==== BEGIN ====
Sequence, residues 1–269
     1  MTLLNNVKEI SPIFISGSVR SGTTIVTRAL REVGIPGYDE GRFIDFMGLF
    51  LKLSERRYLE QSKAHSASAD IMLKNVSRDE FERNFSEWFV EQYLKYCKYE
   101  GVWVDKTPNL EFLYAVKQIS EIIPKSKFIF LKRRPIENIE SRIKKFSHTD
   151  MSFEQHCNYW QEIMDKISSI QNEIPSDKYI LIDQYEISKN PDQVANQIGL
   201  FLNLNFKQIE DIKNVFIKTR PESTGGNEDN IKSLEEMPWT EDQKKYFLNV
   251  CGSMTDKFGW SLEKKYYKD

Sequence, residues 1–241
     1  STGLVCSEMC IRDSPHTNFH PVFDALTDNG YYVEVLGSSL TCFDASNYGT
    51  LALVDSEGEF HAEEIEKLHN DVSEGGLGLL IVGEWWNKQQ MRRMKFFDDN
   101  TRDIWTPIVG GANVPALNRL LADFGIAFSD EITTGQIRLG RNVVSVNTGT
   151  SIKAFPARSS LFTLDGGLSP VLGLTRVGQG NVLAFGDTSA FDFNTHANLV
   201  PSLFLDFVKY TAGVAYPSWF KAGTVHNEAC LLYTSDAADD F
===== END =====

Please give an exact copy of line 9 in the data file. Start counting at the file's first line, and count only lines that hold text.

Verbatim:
     1  STGLVCSEMC IRDSPHTNFH PVFDALTDNG YYVEVLGSSL TCFDASNYGT